This is why so many people are here this morning: they are passionate about what could be lost. They feel that something they value is about to be taken from them. Their passion, and in many cases their anger, is deepened by the fact that the organisation which proposes to take it is not a rapacious private developer but the publicly-funded, government-run body charged with the guardianship of the country's ancient canal network: British Waterways. In this, it seems, they are not alone.

One year on, and sixty miles away, Del Brenner stands on a footbridge and looks aghast.

'Look at it!' he says, shaking his head. Behind him is Paddington Basin, the junction of the Grand Union and the Regents canals. Previously a worn-out industrial area, the Basin is now a sparkling development of glass tower blocks, treeless walkways and floating offices known as 'business barges'. The redevelopment of this 80-acre British Waterways site is costing £300 million, but Brenner, a canals enthusiast for two decades, thinks the money has been wasted.

'Sterile', he pronounces, 'and characterless. See that building over there?' He points to an old warehouse, whitewashed and fragile, dwarfed by the new offices. 'It's a nice old thing, very ordinary. It's not glamorous, it's not glitzy, but so what? It's part of the heritage of the basin, and they want to knock it down.'

Brenner runs the Regents Network, a coalition of people campaigning to protect London's canals. 'I have no problem with redeveloping this basin,' he explains, 'but it's about the type of development that goes here. This is utterly inappropriate. British Waterways seems to define "regeneration" of a canal as "building all around the outside of it". It should mean regenerating the use of the waterways. It is a completely different thing.' He looks around him, and sighs.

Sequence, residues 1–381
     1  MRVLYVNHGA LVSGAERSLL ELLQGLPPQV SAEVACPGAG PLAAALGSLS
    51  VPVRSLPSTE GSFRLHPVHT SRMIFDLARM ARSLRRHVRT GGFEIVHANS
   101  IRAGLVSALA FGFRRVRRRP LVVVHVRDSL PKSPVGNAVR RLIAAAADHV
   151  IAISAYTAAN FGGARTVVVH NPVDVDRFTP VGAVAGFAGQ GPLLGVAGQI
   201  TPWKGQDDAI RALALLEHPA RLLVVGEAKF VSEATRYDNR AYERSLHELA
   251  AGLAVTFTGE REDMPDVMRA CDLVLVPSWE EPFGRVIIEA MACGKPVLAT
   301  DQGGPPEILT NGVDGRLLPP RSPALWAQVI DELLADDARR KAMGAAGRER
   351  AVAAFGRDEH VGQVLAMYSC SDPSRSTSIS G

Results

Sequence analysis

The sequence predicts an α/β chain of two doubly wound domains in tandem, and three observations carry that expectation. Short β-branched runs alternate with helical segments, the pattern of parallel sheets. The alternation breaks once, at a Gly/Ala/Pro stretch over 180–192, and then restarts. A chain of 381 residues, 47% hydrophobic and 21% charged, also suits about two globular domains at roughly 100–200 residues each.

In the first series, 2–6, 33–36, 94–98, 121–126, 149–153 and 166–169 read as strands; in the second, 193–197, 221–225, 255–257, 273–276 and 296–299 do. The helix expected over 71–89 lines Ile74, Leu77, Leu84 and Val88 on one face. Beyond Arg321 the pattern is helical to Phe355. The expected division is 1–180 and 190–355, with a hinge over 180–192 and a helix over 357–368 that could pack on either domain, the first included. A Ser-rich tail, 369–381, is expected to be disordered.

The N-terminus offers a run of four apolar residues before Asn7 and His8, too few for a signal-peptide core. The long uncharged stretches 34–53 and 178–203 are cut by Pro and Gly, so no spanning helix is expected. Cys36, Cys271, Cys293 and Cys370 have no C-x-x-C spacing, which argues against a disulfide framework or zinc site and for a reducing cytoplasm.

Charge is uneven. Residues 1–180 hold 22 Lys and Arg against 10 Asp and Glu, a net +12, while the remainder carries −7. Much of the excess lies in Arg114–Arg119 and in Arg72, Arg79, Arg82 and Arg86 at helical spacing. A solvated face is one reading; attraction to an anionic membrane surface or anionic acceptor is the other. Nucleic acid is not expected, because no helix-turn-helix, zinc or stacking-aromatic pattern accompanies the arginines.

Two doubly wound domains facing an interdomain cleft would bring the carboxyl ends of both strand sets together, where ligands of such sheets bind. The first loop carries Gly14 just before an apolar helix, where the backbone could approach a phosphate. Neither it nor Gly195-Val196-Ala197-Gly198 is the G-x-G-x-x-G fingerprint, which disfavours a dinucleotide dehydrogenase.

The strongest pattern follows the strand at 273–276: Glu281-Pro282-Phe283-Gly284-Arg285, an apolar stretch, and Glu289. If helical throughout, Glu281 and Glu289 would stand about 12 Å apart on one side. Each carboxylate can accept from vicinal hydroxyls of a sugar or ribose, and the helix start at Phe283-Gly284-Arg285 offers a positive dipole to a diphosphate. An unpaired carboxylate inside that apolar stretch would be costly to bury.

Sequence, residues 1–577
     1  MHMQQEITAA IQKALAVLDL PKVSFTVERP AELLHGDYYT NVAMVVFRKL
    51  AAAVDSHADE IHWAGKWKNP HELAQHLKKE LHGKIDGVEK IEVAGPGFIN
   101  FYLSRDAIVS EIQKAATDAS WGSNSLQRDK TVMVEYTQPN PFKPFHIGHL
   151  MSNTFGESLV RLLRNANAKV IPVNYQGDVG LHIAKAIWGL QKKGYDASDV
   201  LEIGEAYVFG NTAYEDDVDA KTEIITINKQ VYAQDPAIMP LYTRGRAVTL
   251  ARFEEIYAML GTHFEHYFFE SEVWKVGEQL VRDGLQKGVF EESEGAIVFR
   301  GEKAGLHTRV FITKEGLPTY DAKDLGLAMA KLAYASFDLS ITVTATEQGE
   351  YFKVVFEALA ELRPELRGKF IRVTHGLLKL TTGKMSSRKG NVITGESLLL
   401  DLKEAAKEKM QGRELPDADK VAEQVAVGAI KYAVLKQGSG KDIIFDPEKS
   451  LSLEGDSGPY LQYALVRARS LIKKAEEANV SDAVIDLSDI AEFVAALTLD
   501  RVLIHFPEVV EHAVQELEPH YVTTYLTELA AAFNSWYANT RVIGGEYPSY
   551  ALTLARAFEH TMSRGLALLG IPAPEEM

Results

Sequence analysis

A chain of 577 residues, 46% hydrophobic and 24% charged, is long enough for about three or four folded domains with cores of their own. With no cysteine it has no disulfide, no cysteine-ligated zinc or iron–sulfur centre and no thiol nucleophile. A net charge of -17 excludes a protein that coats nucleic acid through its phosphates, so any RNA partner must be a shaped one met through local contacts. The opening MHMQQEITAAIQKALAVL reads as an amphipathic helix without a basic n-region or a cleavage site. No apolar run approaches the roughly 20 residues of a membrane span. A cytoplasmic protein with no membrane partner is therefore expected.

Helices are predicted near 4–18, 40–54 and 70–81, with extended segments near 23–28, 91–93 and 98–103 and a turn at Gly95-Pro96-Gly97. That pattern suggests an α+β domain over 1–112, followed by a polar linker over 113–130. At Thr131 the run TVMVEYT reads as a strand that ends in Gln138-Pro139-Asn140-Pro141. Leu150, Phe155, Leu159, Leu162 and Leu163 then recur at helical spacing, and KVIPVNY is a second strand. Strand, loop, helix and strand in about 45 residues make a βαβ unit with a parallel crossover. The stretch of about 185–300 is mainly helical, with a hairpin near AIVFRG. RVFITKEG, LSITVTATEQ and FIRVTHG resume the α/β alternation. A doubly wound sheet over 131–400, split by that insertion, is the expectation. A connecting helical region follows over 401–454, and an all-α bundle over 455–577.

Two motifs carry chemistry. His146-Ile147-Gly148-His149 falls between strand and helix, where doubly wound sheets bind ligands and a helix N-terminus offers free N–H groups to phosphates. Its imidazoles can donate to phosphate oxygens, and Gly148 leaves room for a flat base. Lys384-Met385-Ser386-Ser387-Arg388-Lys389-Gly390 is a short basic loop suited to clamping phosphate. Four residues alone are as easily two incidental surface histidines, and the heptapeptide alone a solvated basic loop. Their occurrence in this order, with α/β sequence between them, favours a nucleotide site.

'British Waterways has lost the plot completely', he says.

The Regents Network and the campaigners of Jericho are not isolated voices. All over the country, boat-owners, boat-dwellers and canalside communities are increasingly vocal in their opposition to what is happening to our canals. From Brentford to Berkhamsted, Macclesfield to Loughborough, Leeds to the Lee Valley, anger is mounting about the 'over-commercialisation' of the network and the consequent loss of character. What makes the canals special - their unique and often hard to define mixture of place, history, character and utility - is in many places being lost to bland, commercial development. Yet the organisation often blamed for this by boaters and canal-users is the organisation that ought to be their greatest ally.

British Waterways (BW) is in some ways a curious institution. Created in the 1960s to manage the country's 2000-mile long canal network in the public interest, it is accountable to the government and largely funded by the taxpayer. But it is now also expected to operate like a commercial organisation, covering as many of its costs as it can, and steadily increasing its stream of private income.